An Arab family has invaded an archaeological site in northern Samaria and has turned it into its residence, the Regavim movement reported, demanding that the IDF’s Civil Administration act immediately to remove the squatters.
The archaeological site, situated near the town of Hermesh in northern Samaria, is a declared archaeological site called Hirbat Parsin, which preserves the biblical name Parash, descendants of the tribe of Menashe, and the Talmudic name Kfar Parshai.
The site contains the remains of a large settlement that existed almost continuously from the Iron Age to the Ottoman period.
Among the remains are mikvahs, ritual baths, which were hewn in the days of the Second Temple and were used until the Byzantine period, burial caves, an oil press, underground systems, and impressive structures from the Ottoman period.
This important site has recently joined a series of archaeological sites suffering from damage and destruction. Parash has never been excavated by archaeologists but it has been thoroughly and aggressively excavated by local Arab looters and grave-robbers.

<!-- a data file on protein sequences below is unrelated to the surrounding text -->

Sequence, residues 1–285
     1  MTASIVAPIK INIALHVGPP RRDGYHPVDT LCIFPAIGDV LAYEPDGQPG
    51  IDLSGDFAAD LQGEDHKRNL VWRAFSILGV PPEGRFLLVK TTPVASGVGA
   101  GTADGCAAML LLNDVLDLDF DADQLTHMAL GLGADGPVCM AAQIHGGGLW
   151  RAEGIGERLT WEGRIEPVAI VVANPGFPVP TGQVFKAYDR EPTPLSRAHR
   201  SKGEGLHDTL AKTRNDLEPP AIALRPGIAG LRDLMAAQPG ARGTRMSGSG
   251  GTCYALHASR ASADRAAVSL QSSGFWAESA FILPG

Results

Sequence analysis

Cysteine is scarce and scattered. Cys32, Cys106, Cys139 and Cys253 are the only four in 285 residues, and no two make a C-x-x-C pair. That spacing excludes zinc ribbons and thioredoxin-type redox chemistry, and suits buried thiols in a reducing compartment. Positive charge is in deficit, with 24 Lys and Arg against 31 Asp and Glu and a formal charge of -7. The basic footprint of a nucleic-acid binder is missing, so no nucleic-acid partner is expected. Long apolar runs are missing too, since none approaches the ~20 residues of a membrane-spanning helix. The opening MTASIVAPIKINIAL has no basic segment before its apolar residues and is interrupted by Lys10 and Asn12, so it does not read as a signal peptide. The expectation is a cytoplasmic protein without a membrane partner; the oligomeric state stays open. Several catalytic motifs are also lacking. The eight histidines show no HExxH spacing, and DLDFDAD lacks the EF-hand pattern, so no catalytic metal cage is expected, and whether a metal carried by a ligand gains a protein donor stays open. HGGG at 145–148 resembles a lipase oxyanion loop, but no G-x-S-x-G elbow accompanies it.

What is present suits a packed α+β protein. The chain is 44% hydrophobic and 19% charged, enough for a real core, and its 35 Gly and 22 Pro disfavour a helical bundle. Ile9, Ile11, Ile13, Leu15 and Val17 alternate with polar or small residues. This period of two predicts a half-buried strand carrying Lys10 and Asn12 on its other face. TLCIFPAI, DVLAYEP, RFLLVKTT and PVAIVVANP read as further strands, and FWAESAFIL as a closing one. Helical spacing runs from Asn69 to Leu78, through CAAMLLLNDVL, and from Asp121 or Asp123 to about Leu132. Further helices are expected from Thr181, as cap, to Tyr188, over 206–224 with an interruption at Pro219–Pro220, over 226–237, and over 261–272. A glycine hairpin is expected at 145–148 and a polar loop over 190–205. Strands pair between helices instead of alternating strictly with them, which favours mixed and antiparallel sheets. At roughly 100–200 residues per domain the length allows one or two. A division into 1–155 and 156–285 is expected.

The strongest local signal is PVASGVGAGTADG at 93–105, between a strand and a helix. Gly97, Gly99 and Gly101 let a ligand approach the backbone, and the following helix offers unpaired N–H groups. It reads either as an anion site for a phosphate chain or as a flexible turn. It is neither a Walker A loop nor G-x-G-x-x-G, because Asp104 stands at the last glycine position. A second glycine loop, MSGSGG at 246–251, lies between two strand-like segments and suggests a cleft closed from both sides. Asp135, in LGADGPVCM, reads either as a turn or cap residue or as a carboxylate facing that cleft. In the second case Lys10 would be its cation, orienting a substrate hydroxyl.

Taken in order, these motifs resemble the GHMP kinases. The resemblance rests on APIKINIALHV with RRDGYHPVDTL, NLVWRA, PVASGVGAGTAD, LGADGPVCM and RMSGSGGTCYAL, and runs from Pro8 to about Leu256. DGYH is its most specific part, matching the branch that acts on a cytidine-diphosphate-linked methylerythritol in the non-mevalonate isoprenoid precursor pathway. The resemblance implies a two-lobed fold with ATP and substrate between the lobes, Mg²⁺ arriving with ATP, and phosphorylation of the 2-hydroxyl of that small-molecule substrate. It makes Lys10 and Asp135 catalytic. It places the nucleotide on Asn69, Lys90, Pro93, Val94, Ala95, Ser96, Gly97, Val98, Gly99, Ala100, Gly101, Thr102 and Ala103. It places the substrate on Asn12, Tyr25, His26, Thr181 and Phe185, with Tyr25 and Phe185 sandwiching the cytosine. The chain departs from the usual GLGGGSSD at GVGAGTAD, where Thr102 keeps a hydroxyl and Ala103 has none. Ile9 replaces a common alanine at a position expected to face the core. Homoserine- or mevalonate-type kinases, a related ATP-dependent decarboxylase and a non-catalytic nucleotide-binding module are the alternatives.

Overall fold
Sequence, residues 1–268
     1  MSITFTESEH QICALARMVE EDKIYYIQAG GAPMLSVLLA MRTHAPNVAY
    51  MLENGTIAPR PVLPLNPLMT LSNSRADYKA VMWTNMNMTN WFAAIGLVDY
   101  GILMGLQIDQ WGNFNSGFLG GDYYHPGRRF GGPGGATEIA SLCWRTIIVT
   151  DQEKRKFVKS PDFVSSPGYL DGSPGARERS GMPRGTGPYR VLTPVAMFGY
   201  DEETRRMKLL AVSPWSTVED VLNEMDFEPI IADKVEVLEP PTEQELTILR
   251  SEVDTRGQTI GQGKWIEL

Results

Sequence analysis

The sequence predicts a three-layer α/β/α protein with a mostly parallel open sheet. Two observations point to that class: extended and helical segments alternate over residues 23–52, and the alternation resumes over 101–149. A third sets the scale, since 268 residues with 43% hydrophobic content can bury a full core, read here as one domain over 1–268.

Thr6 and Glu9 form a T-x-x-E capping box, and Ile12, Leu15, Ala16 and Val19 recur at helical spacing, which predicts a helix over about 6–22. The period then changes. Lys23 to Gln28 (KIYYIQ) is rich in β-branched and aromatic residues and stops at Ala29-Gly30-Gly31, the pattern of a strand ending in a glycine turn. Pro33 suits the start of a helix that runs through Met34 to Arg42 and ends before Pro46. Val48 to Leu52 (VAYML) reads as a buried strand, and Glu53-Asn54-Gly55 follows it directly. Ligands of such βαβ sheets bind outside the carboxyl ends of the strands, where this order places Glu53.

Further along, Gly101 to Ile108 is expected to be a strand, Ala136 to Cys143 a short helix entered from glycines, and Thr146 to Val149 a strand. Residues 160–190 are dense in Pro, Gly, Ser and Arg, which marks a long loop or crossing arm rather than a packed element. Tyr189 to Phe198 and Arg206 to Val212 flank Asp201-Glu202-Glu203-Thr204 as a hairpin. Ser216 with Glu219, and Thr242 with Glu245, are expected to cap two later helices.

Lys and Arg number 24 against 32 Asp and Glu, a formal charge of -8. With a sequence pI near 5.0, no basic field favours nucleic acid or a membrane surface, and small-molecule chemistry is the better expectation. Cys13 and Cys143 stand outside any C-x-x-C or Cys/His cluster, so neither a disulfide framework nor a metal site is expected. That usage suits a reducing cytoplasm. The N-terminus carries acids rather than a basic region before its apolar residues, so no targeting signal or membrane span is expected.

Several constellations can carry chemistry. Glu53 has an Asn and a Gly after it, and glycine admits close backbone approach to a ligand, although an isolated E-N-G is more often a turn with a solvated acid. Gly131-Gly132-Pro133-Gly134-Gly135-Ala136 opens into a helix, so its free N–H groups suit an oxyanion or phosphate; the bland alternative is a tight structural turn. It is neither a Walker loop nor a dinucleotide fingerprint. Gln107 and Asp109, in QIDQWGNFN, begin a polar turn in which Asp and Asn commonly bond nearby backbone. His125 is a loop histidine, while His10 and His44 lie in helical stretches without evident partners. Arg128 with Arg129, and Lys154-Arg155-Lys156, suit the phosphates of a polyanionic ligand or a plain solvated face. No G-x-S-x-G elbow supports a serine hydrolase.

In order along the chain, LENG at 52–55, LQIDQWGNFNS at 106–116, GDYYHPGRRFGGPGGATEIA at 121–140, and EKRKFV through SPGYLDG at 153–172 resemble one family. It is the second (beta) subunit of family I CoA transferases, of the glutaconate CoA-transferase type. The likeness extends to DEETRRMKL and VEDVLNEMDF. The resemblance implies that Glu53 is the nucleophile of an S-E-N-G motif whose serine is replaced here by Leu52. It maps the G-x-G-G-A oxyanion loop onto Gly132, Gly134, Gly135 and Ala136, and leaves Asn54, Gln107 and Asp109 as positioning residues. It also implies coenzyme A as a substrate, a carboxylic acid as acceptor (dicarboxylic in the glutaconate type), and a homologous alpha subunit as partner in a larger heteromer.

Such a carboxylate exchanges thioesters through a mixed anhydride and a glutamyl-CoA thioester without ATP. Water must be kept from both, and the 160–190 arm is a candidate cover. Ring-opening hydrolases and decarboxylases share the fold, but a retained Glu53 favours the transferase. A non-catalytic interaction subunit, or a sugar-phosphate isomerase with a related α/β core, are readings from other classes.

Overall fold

About two and a half months ago, an Arab invaded the site and moved into one of the buildings with his family, while carrying out construction work on the site, and damaging ancient finds.
The Regavim movement, which fights illegal land grabs by Arabs, appealed to the Civil Administration to remove the intruder and stop the illegal work at the site. The Administration told Regavim that it had dispatched personnel to the site and served the invader an order to “stop the destruction of antiquities.”
The squatters remained in the area and continued to damage the antiquities at the site, and Regavim again appealed for immediate enforcement. Administrative inspectors arrived at the scene and confiscated some of the construction equipment and trees planted in the area, but did not evacuate the intruder and his family.
“It is not enough to post an order and leave – one needs to make sure that it is indeed enforced,” said Eitan Melet, coordinator of Judea and Samaria in the Regavim movement.
“We welcome the start of enforcement operations at the site, but the road to restoring the rule of law and deterrence is still long. The invaders must be removed from the compound immediately, and the invaders must be persecuted to the full extent of the law, thus conveying a deterrent message to other criminals,” he added.
The phenomenon of antiquity destruction in Judea and Samaria is pervasive and affects all sites that are not under permanent preservation, and a survey of the sites in Judea and Samaria shows that a staggering 95% of the archaeological sites have been robbed, vandalized or disturbed.